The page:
From the University of Illinois at Chicago:
Treasure trove of fossils found in Kendall County cave
Remnants from a cave embedded in a limestone quarry southwest of Chicago have yielded a fossil trove that may influence the known history of north central Illinois some 310 million years ago.
Initial research findings were presented April 12 by University of Illinois at Chicago earth and environmental sciences professor Roy Plotnick at a regional meeting of the Geological Society of America in Lawrence, Kan. …
“Finding this was pure serendipity,” said Plotnick. “We didn’t go out looking for it, but after finding it we said, ‘Wow, look at all of this!’
The cave is basically a trap for sediment, and things get preserved that usually may not get preserved.”
“The oldest conifers previously described are at least 2 million years younger,” said Plotnick.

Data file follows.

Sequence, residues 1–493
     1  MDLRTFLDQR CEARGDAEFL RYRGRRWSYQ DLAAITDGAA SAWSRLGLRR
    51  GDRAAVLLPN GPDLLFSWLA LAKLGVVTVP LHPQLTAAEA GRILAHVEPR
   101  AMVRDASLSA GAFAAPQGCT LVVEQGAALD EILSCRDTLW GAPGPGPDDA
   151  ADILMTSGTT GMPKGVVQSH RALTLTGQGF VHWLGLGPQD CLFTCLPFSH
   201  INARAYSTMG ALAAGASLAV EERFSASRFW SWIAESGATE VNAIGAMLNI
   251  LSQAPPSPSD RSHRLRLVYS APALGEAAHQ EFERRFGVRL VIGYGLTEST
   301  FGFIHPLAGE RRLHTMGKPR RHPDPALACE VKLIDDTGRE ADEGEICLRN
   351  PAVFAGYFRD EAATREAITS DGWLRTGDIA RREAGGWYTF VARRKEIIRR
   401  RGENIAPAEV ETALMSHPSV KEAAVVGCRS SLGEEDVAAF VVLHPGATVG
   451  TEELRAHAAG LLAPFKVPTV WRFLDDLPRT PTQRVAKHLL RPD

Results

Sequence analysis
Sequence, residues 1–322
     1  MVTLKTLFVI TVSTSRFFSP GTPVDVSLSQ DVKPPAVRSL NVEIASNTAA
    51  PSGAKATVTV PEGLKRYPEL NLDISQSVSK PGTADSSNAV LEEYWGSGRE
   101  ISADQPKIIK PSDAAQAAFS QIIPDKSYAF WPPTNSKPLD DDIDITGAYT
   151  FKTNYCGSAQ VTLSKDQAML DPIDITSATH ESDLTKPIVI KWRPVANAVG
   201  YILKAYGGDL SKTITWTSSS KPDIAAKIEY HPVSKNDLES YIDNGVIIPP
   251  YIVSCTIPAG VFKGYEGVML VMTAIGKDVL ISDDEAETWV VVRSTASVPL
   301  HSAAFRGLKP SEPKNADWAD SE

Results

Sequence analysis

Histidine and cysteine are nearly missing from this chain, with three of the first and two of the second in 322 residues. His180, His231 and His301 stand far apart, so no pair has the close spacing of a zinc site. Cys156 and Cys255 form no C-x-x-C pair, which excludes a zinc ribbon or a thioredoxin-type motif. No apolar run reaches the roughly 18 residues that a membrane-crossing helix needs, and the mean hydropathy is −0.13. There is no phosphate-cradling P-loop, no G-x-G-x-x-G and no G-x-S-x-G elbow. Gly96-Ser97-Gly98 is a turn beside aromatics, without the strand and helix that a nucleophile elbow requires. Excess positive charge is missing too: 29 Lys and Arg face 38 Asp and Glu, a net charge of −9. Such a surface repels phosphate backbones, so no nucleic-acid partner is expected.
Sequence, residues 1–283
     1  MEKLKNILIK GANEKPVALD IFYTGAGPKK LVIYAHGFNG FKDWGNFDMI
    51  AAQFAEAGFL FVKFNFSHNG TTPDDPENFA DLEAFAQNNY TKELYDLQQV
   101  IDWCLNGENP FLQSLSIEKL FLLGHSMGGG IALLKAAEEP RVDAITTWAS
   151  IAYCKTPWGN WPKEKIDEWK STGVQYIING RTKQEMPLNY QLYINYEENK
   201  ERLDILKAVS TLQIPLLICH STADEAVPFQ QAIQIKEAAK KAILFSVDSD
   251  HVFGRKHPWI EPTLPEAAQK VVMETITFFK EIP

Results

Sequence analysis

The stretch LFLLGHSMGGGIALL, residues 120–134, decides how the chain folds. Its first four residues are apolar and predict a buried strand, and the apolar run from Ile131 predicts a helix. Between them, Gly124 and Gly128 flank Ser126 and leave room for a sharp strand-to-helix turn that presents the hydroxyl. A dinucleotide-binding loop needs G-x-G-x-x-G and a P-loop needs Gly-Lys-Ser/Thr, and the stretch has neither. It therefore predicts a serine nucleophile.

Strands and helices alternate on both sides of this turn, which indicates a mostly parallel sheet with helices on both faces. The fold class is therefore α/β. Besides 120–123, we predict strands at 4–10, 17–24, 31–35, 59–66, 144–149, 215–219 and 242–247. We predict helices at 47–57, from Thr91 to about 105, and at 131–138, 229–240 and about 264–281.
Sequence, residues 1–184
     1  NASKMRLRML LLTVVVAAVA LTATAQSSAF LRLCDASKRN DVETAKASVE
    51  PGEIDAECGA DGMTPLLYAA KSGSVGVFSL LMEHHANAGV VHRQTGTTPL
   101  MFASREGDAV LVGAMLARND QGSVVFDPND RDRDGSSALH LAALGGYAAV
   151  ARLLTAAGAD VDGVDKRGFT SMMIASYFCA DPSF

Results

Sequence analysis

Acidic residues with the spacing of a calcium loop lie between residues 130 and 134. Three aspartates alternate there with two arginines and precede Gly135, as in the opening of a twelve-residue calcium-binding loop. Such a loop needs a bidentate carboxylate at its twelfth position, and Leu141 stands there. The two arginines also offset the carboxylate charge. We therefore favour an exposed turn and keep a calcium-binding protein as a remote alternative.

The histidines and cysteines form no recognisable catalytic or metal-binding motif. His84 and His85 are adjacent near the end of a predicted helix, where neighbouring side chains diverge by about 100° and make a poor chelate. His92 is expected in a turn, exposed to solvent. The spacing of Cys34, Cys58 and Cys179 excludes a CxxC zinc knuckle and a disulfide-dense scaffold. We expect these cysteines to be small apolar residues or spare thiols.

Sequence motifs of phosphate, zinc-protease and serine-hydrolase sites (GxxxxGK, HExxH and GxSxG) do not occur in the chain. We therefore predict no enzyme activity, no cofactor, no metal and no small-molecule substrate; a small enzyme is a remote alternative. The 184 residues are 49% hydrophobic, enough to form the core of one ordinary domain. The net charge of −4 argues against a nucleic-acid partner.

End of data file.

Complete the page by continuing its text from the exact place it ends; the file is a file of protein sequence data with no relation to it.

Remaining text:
The specimen is now in the collection of Chicago’s Field Museum.
The scientists think that a shallow sea covering today’s north central Illinois during the geological Ordovician period about 450 million years ago formed the limestone.
The caves were eroded in the limestone at the beginning of the Pennsylvanian period, about 315 million years ago.
Within a few million years, sand, mud and organic debris from plants and animals — some burned and turned to charcoal — washed into the cave through surface openings, where it remained preserved but not compacted since that time.